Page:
leave a comment »


Daylife/Reuters Pictures used by permission

East Antarctica’s ice started to melt faster from 2006, which could cause sea levels to rise sooner than anticipated, according to a study by scientists at the University of Texas.

In the study published in Nature’s Geoscience journal, scientists estimated that East Antarctica has been losing ice mass at an average rate of 5 to 109 gigatonnes per year from April 2002 to January 2009, but the rate speeded up from 2006.

The melt rate after 2006 could be even higher, the scientists said.

“The key result is that [we] appear to start seeing a large amount of ice loss in East Antarctica, mostly in the long coastal regions (in Wilkes Land and Victoria Land), since 2006,” Jianli Chen at the university’s centre for space research and one of the study’s authors, told Reuters.

“This, if confirmed, could indicate a state change of East Antarctica, which could pose a large impact on global sea levels in the future,” Chen said…

Climate change is turning Antarctica’s ice into the one of the biggest risks for coming centuries. Even slight melting could drive up sea levels and could affect world’s cities.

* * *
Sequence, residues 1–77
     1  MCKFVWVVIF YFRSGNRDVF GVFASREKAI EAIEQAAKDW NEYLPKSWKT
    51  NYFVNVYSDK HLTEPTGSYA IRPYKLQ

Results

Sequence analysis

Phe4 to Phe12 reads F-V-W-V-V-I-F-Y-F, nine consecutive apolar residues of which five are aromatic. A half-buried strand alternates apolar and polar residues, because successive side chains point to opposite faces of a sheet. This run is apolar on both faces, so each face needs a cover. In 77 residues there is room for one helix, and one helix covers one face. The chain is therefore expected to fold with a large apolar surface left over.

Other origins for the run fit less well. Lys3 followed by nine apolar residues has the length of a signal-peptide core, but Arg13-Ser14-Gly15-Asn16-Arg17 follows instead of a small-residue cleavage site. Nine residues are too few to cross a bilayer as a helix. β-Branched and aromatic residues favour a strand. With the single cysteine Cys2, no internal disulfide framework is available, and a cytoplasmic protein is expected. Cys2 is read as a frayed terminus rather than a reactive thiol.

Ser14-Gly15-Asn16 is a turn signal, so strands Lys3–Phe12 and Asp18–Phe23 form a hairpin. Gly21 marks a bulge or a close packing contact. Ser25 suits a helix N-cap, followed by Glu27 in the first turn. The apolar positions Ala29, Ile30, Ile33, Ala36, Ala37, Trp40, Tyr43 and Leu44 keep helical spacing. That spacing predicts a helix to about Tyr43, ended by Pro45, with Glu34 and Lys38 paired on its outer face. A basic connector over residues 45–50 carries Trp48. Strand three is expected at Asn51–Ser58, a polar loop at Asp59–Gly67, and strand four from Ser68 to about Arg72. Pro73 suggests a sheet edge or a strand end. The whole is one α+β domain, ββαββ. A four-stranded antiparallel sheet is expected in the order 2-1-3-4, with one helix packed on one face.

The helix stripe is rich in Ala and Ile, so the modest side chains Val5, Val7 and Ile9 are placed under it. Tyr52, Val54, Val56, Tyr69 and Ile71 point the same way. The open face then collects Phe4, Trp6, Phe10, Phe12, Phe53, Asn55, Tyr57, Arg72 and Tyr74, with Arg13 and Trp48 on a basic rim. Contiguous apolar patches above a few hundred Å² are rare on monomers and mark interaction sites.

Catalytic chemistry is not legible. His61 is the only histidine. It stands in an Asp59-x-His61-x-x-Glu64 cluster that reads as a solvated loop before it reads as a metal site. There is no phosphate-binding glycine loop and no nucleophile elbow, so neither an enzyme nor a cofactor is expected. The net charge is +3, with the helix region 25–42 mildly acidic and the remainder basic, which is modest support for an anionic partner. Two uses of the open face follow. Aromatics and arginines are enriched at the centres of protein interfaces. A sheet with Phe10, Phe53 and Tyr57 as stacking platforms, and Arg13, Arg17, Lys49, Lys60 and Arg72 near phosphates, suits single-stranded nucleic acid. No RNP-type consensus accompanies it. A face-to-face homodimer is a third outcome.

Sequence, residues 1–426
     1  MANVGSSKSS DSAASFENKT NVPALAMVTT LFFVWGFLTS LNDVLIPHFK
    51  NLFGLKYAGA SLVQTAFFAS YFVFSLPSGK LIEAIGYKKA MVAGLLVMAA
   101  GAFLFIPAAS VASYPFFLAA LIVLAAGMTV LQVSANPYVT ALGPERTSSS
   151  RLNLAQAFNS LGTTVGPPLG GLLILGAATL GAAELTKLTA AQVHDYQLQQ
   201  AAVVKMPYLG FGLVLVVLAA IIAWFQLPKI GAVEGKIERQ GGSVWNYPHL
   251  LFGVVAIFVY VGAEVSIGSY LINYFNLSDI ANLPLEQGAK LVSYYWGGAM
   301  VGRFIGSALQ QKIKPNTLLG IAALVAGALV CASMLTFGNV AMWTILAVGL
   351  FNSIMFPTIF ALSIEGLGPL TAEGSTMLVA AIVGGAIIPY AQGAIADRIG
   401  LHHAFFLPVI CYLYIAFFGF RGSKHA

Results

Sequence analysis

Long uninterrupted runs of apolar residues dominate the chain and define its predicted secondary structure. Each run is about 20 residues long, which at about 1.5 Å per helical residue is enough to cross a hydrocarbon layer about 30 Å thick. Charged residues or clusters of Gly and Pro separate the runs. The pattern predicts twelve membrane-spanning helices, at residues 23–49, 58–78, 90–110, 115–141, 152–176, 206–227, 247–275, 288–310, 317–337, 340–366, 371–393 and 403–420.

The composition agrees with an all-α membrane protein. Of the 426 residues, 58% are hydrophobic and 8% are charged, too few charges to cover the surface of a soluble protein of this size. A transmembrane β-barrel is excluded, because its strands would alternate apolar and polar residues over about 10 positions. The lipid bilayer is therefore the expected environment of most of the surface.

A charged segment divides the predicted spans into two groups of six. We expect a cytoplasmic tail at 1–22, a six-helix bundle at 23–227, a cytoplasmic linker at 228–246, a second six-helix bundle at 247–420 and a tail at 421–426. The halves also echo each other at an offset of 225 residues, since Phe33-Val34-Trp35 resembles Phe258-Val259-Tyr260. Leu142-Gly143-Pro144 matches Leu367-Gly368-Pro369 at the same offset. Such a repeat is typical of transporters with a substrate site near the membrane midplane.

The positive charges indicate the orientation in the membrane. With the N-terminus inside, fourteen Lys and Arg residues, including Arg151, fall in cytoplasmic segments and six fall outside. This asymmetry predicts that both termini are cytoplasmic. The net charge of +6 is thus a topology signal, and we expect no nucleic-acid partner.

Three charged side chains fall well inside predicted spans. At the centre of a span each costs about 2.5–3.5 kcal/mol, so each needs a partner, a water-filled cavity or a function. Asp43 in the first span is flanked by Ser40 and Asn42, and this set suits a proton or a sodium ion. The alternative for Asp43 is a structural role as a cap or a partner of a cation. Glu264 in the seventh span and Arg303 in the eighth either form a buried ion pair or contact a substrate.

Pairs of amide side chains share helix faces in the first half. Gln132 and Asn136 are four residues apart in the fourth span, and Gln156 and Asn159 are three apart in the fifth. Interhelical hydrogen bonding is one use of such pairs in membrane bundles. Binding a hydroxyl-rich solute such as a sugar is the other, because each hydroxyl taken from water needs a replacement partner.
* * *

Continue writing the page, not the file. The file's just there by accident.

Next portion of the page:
Over the several years I have been studying climate change Antarctic ice was thought to be less-affected than the Northern Pole. Now that means and methods have improved, we get to figure out the bad news is universal.

Terrific.

note: at post time, the direct link to the study – in the Reuters article – was broken.

Written by Ed Campbell

November 23, 2009 at 12:00 pm

Chinese completing first detailed land map of Antarctica

with one comment

Chinese scientists from the country’s 26th Antarctic expedition are expected to complete the world’s first land cover map of the Antarctica at the end of this year.

It will be the most accurate map of the continent, presenting various land features, they told Xinhua correspondent aboard Xue Long (Snow Dragon) icebreaker in a recent interview…

The map, with the application of high resolution remote sensing technology, will for the first time in the history show the distribution of key features on the continent, including sea ice, snow, blue ice, rocks, soil marshes, lakes and ice crevasse…

The map is also based on 1,073 remote sensing images acquired from the U.S. satellite Land Sat mainly during the austral summer from 1999 to 2002, Cheng Xiao, deputy dean of the College of Global Change and Earth System Science, Beijing Normal University, told Xinhua via email…

The map will provide not only more accurate ground parameters for scientists to forecast global change or global warming with climate system models, but also important data for detection on the change of Antarctica land cover in a long run, Cheng said.

I’ve always been one of those geeks crazy about maps. Looking forward to seeing the final product.

Written by Ed Campbell

October 30, 2009 at 6:00 pm

Follow

Get every new post delivered to your Inbox.

Join 1,801 other followers